The Manhattan, and a New Bitters

The Manhattan 

Rather than look at origin, I’ll talk about the drink itself, but still some history will be needed.

A Manhattan is typically American or Canadian whisky, red vermouth, bitters. It’s either shaken or stirred and “up”, or on the rocks. Cherry optional, or lemon twist. Variations include a dry version, with white vermouth instead of red, or the “perfect” Manhattan, with red and white vermouths mixed (not quite the right taste, IMO, but many like them).

The history is important when you look at American whiskey in the 1800s. At the time, matured bourbon or straight rye was often combined with new or aged grain spirits, and maybe flavouring, to form blended whiskey. The blends satisfied the public taste and came at the right price.

Good straight whiskey “uncut” was hard to find, and expensive. Young straight whiskey was available, aged 1-3 years, but the flavour couldn’t compare to 4-8 year old whiskey.

I think the Manhattan developed as a way to make young or blended whiskey resemble matured straight bourbon or rye. Matured whiskey can be sweetish, fruity, and rich, just like a Manhattan. The exotic herbal and winy notes in vermouth probably emulated that.

Also, current lore holds that the Manhattan dates from 1860s wartime New York, when the Civil War impeded the flow of matured whiskey to the northeast. Maybe the Manhattan was devised as a reasonable substitute.

The Kind of Whiskey To Use

It is nonetheless the case that whiskey too old doesn’t suit the cocktail. Your finest 12-20 year old bourbon or rye is less good than, say, Four Roses Yellow Label, Wild Turkey, or Woodford Reserve. The extra wood in the old whiskey clashes with the vermouth and other flavourings, or such is my experience. Whiskey from 4-8 years old is ideal.

In the converse, vermouth is not at its best with young straight whiskey, and can overpower the blended form. I like a combination of whiskeys: two or three bourbons or ryes, maybe the regular kind of Canadian (not too much), and a straight-type Canadian like Lot 40, Masterson’s, or a good craft whiskey. I used Toronto Distillery’s First Barrels in such a base recently with excellent results.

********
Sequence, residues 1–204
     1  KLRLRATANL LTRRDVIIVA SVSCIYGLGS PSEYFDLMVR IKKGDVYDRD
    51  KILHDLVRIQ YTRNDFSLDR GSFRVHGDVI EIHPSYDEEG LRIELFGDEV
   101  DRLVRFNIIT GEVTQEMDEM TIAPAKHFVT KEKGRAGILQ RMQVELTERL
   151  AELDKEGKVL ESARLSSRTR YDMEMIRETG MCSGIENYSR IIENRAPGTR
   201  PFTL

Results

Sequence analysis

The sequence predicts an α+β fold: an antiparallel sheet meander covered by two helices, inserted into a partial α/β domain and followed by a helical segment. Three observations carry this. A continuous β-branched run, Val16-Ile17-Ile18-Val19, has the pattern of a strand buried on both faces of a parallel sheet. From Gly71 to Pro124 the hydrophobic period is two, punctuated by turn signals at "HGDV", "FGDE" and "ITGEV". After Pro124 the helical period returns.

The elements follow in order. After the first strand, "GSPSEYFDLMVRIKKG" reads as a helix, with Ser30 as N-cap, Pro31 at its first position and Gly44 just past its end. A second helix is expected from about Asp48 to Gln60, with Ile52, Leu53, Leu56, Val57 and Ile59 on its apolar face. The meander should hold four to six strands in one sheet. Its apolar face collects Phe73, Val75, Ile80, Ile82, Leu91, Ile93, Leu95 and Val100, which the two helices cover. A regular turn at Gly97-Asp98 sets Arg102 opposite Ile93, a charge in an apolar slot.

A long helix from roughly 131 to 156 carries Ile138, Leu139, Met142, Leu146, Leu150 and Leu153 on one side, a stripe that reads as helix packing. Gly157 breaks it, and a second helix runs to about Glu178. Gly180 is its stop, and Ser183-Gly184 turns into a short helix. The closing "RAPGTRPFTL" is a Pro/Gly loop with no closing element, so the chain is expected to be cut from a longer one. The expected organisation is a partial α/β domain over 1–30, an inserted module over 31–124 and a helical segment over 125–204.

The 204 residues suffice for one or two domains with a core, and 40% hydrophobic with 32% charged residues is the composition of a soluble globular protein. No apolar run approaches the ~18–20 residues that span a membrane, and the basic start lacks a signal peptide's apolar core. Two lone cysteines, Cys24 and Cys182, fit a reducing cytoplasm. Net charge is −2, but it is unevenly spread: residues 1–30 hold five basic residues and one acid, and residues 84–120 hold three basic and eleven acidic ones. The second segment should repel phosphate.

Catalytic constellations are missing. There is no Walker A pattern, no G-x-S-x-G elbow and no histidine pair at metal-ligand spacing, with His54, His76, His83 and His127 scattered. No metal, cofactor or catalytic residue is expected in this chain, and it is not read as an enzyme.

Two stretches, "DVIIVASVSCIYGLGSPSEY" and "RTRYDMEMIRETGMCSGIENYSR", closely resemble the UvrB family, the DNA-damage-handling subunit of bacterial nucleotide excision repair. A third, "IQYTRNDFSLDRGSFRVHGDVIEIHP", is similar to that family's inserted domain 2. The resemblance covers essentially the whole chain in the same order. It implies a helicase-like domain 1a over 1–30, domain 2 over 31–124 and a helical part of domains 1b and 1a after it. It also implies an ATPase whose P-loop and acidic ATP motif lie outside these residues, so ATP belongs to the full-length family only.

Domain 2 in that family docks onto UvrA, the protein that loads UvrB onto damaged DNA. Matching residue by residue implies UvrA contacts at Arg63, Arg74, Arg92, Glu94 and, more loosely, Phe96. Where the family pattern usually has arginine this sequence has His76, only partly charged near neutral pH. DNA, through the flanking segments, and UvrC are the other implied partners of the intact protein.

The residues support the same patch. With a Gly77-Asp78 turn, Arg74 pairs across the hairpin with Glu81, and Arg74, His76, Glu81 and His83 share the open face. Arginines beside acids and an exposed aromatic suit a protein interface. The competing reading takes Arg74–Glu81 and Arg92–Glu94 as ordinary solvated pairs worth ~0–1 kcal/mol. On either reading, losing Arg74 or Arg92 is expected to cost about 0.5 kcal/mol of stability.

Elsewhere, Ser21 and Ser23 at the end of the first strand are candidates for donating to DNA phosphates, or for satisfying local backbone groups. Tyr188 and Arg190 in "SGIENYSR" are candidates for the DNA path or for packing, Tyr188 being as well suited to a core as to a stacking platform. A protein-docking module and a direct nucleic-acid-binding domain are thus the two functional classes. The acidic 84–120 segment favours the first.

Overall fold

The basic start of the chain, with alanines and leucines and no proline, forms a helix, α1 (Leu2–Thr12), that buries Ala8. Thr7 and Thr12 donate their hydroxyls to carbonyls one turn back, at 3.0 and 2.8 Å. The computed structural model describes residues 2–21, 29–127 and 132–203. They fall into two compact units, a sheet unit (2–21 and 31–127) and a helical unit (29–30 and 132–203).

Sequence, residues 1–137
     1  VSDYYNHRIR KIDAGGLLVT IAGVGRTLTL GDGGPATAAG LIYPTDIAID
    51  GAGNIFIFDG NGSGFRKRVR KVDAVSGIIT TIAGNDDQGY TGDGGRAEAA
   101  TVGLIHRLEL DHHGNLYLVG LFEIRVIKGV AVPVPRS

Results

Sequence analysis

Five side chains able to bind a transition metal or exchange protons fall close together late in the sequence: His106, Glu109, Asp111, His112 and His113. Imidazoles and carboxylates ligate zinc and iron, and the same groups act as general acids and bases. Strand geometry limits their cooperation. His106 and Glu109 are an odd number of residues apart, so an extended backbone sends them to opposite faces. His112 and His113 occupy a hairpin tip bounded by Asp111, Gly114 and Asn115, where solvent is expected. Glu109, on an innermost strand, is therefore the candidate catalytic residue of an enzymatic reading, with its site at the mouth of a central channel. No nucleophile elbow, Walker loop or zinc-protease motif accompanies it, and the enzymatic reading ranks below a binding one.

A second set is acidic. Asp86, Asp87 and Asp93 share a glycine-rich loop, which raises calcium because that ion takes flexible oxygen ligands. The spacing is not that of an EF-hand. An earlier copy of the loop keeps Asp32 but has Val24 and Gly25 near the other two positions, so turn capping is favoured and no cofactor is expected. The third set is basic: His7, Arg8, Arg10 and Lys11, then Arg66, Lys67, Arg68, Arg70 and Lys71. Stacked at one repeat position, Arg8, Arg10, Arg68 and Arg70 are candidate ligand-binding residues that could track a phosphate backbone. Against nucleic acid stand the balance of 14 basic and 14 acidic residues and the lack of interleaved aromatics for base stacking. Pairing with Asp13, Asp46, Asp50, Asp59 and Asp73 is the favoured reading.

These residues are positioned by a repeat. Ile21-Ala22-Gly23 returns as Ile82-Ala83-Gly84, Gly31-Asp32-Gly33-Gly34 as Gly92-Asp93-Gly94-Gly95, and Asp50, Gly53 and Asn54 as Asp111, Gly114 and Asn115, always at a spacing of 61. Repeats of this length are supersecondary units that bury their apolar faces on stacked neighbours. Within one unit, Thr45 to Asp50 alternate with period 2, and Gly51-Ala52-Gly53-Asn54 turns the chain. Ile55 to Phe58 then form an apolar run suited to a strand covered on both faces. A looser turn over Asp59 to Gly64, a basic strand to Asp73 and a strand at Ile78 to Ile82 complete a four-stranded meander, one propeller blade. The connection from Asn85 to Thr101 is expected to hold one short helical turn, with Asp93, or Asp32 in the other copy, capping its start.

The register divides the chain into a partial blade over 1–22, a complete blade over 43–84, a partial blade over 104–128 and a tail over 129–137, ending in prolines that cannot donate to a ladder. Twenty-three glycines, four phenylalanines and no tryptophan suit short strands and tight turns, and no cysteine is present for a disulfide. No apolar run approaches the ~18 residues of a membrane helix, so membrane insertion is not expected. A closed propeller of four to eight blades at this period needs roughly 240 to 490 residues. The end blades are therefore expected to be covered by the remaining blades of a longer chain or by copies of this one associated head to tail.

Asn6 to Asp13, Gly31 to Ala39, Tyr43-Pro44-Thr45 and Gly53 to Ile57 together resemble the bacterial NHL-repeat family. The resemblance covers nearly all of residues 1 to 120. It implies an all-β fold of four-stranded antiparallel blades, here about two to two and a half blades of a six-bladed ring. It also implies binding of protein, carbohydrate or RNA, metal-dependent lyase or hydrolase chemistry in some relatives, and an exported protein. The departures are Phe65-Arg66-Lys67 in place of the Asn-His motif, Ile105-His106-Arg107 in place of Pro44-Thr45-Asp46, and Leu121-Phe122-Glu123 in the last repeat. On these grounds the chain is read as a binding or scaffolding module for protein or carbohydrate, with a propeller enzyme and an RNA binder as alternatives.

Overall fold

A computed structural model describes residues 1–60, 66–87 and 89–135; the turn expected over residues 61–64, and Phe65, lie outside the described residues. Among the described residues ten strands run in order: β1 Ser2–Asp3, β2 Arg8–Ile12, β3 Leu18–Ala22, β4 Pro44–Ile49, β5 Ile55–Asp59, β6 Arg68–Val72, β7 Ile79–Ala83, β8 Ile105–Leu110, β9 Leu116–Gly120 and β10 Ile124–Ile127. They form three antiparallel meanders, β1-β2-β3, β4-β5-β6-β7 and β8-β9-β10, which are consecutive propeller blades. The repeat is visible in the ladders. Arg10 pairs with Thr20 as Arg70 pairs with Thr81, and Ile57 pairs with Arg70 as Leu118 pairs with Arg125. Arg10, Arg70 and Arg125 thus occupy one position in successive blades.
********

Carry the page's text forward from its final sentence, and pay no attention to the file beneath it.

If using one whisky in a Manhattan, I like Dark Horse, which is heavy enough but not too woody. Also, Wiser’s Legacy, or Canadian Club Single Rye Grain (the green label).

The Vermouth

In this area I am less fussy than the whiskey. I’ll use any available brand, but I blend different (red) vermouths, too.

The vermouth contributes its wine, brandy (vermouth is partly brandy), and flavourings. The whiskeys give their cereal notes and barrel character. Why does a wine-based drink match well with grain-based American whiskey? I don’t know, it just does. The combination is uniquely appealing, one of those non-intuitive but undeniable gastronomic successes. It’s like a hot dog and mustard, or bagel and cream cheese.

Trying a New Bitters

The bitters are vital. Typically I use Angostura or a Fees brand.

Recently, I was given a sample of Toronto-based Promise Bitters’ “No. 1 Smoke and Ash”, a cocktail bittersI’m told it is currently incorporated into a popular drink at the chic Canoe Restaurant downtown. This black-hued bitters has been available mostly to Toronto’s mixologists but can be purchased at Lavish and Squalor, 253 Queen Street West, Toronto, a gifts and apparel shop. Instagram, here, has more information, and a website is planned.

Smoke and Ash is smoky, musky, perfumed, and lends an intriguing note to a Manhattan. I see it going well in a Dark and Stormy, and many other drinks. It is a welcome addition to the lively bitters scene.

Note re first image: attribution for the first image above: By Paramount – source, https://en.wikipedia.org/w/index.php?curid=27453670. It was sourced from the Wikipedia entry for the 1928 film of the same name. Intellectual property to or in the image belongs solely to its lawful owner or authorized user. Image believed available for educational or historical purposes. All feedback welcomed.

 

 

 

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